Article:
Monday, September 10, 2012

Where My Plots Thicken

journal-writing-11

The first time I came across the term “plot book,” I was reading the afterward, or “author’s note” at the end of a romance. I want to say it was by Jude Devereaux, but I could just be cramming her name into the memory because she was my first “favorite romance author.” My memory does ascribe this to her.

What I know, for a fact, is that I had a literal AHA moment, shouting out with glee to discover another human being was scribbling ideas for stories, novels, poems, or anything else down on the pages of a journal for future use. I’d been convinced something was terribly wrong with me. I’d been keeping journals that didn’t count as “diaries” for years—since grade school, in fact—but never wasted these precious pages on my day to day experiences. Why bother? I’d already had them. No, I would purchase empty journals in bulk at discount stores, keep them handy, and jot down phrases that might be song lyrics, ideas for stories, even character sketches.  I have stacks of them. I never throw them away. Somewhere in England, unless it became kindling, is a leather-bound collection of notes on castles, with diagrams and frantic margin-notes outlining the use and name for different sections: inner and outer bailey, donjon, barbican, and battlements. I left it behind out of dire necessity and still wonder about it like a long lost kitten.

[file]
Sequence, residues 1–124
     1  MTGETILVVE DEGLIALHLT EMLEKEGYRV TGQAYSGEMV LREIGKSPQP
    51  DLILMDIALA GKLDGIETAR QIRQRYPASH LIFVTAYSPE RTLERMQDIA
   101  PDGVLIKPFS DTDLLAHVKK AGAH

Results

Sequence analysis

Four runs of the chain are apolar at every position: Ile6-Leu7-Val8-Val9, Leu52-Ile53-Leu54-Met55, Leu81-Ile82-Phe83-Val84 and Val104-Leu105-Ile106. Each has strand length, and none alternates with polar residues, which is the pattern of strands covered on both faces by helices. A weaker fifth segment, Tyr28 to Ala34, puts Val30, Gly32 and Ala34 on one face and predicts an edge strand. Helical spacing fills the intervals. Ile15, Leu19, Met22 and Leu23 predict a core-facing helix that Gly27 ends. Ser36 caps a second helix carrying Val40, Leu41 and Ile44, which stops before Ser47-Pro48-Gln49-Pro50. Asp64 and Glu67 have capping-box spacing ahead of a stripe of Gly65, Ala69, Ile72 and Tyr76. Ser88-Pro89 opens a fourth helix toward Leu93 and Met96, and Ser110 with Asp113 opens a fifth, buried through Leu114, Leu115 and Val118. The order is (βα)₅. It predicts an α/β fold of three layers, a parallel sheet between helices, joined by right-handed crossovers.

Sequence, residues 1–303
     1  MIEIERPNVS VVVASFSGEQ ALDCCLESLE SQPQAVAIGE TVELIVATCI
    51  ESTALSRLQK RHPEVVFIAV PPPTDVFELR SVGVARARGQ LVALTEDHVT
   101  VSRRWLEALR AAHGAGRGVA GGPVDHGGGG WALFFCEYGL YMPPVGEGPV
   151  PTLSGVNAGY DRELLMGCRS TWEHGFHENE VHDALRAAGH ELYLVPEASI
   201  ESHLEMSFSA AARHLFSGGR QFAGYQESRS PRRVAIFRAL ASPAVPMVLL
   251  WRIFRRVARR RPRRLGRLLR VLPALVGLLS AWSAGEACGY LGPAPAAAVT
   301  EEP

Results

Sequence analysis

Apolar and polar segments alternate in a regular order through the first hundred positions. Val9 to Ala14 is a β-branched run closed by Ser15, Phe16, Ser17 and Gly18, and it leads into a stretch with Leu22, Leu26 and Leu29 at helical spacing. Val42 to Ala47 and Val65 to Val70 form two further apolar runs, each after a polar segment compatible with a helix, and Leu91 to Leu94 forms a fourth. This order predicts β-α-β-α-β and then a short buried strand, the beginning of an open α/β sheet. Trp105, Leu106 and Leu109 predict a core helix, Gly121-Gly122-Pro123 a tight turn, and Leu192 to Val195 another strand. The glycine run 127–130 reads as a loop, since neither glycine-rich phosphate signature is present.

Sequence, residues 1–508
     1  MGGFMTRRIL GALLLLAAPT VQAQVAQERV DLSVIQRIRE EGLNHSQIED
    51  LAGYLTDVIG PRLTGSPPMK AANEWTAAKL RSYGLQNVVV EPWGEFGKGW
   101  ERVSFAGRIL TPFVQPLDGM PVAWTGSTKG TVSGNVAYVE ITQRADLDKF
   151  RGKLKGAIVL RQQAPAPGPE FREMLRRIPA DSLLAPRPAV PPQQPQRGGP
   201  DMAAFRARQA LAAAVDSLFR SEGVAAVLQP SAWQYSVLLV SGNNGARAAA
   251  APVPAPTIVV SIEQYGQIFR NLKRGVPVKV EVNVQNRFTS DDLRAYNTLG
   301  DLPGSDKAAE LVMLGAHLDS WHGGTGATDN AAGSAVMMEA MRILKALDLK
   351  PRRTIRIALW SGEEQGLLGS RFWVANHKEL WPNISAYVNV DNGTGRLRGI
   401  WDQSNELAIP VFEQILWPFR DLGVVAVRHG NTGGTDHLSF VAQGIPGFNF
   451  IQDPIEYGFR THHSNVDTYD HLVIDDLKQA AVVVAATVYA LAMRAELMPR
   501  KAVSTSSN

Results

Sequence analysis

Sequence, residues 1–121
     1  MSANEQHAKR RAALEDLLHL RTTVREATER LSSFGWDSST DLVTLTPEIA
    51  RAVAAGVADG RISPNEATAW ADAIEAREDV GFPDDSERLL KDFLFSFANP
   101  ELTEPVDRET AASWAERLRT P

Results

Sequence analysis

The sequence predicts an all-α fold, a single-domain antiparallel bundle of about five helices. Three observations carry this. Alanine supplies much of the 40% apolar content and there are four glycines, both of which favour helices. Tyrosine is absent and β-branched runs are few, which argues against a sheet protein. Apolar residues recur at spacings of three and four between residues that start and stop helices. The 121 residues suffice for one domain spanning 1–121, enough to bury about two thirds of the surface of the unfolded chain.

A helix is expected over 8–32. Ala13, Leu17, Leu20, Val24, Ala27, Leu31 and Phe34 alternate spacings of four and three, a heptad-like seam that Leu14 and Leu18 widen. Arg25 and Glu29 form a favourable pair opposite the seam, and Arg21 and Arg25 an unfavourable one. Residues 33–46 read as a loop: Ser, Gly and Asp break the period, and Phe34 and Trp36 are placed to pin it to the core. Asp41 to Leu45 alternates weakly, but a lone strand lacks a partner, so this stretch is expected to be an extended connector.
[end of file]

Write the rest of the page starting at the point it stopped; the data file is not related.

Oh, like you’re not weird. Shut up.

In recent years I have been delighted to find a lot of writers keep plot books and similar. My writing group even has “plot swaps,” where we throw our unused plots into a pot and bargain for them.  If you’ve never done it, you really must.

What’s interesting, at least to me, is that the projects I have been finishing and publishing are out of old plot books.  Whether my current, active journals will yield as much in future years, I can’t say. What I know for a fact? I will never be without one. If nothing else, they provide a place to empty the chatter and fizz in my over-active imagination.

Oooh—that gives me an idea…

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